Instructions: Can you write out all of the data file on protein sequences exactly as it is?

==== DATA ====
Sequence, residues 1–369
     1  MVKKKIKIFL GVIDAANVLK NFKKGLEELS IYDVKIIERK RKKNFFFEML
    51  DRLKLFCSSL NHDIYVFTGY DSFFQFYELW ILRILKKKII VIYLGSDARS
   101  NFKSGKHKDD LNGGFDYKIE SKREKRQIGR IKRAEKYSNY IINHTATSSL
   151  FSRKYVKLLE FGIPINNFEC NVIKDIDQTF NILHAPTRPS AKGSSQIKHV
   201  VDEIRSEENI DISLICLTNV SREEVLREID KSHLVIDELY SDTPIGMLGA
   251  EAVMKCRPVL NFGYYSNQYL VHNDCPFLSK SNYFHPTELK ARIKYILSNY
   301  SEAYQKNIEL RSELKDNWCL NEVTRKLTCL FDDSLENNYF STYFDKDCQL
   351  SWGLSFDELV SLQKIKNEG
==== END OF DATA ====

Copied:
Sequence, residues 1–369
     1  MVKKKIKIFL GVIDAANVLK NFKKGLEELS IYDVKIIERK RKKNFFFEML
    51  DRLKLFCSSL NHDIYVFTGY DSFFQFYELW ILRILKKKII VIYLGSDARS
   101  NFKSGKHKDD LNGGFDYKIE SKREKRQIGR IKRAEKYSNY IINHTATSSL
   151  FSRKYVKLLE FGIPINNFEC NVIKDIDQTF NILHAPTRPS AKGSSQIKHV
   201  VDEIRSEENI DISLICLTNV SREEVLREID KSHLVIDELY SDTPIGMLGA
   251  EAVMKCRPVL NFGYYSNQYL VHNDCPFLSK SNYFHPTELK ARIKYILSNY
   301  SEAYQKNIEL RSELKDNWCL NEVTRKLTCL FDDSLENNYF STYFDKDCQL
   351  SWGLSFDELV SLQKIKNEG